Pink- and red-colored vegetables are rich in the antioxidant lycopene. This compound is responsible for promoting good heart health, as well as eye health and a range of other positive health effects.
What To Plant For a Fall Rainbow Garden
Remember that these fall-harvested crops are cold tolerant, so the perfect choices are ones that will sweeten and even become more vibrantly colored when exposed to cold weather.
Choose crops like brassicas, which are cabbage family members; they take on deeper flavor and brighter color when exposed to frost.
Red Rubine Brussels sprouts: This delicious variety will turn a deep shade of plum when the cool weather sets in. Fantastic flavor and abundant harvests make it a fall garden favorite.
Pusa Gulabi Radish: This vibrant pink radish is best suited to a fall or winter harvest. The roots are an incredibly electric color, adding nutrient density and flavor to dishes.
Kyoto Red Carrot: A super bright red, Japanese heirloom traditionally enjoyed on the Japanese New Year, it thrives in the cool fall weather, taking on a deep crimson color and phenomenal flavor.
Black Nebula Carrot: The darkest purple carrot we have ever seen, this variety is bursting with the antioxidant anthocyanin!
Pink Celery: Bubblegum pink stems that take on a brighter color and even better flavor when grown in the cold! Pink celery is a refreshing and crunchy snackable veggie that is also a versatile cooked ingredient in dishes from soups to stir fries.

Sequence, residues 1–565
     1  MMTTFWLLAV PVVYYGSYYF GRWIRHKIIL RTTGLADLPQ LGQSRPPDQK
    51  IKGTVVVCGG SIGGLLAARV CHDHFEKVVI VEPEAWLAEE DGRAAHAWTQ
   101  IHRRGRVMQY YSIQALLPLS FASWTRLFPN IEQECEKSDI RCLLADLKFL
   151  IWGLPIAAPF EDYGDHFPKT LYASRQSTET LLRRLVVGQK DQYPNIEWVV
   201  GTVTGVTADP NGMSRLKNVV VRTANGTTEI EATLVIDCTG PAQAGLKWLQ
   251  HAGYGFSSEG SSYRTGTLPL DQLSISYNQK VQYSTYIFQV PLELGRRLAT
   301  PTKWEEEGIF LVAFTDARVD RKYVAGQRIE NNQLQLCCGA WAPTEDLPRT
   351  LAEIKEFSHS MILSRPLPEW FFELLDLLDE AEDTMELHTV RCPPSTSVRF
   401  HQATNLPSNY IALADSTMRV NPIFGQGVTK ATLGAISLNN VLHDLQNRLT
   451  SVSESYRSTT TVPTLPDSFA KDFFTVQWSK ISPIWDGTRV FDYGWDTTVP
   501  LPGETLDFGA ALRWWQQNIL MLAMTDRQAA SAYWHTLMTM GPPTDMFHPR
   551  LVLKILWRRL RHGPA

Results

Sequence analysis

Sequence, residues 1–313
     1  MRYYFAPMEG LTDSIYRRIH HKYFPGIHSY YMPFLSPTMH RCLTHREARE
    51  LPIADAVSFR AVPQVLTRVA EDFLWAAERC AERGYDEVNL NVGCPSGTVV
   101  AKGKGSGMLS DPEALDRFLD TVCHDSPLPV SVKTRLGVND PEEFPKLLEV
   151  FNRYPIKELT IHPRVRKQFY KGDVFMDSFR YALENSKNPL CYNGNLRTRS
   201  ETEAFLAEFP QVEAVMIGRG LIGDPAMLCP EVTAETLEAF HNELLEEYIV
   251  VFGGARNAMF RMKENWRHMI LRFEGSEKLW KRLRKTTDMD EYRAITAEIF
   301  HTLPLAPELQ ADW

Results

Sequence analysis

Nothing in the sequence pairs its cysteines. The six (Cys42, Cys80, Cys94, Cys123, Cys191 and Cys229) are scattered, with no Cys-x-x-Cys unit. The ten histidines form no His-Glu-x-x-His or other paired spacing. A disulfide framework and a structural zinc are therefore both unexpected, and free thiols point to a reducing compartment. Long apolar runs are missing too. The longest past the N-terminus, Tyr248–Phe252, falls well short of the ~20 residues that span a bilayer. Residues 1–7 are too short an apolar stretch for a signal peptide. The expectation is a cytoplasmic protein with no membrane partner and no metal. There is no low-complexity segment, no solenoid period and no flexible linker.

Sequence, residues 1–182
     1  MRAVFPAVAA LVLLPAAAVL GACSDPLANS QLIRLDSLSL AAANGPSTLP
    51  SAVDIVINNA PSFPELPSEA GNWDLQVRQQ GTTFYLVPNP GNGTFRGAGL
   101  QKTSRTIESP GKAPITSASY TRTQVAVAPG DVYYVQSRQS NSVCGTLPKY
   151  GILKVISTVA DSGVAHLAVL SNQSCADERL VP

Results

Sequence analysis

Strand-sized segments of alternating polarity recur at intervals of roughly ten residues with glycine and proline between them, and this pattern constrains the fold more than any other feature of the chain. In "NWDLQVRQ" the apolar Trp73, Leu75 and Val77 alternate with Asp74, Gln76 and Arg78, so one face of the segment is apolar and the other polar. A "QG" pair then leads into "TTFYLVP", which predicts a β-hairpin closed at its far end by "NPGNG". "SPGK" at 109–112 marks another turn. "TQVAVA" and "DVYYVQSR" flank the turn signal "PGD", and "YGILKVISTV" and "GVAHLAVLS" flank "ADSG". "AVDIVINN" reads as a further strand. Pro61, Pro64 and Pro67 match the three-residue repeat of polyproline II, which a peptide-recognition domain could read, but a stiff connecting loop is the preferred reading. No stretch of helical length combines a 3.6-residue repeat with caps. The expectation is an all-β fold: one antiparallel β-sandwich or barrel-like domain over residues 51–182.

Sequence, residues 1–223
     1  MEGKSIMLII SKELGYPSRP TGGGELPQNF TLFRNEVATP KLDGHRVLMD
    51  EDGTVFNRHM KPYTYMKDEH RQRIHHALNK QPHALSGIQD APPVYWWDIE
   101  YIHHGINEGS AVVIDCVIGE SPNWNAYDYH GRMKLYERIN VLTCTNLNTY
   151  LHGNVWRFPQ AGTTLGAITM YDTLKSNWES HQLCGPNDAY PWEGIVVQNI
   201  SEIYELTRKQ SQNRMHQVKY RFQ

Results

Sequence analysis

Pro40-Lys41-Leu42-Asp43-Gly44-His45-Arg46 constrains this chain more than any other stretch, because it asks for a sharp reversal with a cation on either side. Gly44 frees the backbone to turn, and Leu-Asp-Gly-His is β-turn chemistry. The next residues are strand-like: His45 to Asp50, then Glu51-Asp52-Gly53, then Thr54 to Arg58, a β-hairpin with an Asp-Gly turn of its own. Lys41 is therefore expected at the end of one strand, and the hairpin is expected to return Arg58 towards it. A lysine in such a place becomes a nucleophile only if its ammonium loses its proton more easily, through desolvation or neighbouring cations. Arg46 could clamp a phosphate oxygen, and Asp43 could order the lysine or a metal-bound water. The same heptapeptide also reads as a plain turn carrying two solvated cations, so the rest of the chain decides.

Purple Lady bok choy: Extremely bold plum-colored foliage makes this a perfect choice for the rainbow garden, and with a million myriad uses in the kitchen, you won’t regret growing it. Try raw in salads, sauteed, steamed, in stir fry, spring rolls and soup!
Japanese Giant Red Mustard: We love the piquant flavor and dazzling red color of this mustard green. The purple-red leaves have a strong, sharp, almost garlic-like, mustard flavor. Tasty stir fried or boiled and it makes a great pickling variety.
We are already thinking of our fall gardens, and we encourage you to do the same! Consider ordering some new varieties and colors now, and plant the rainbow in your garden this fall.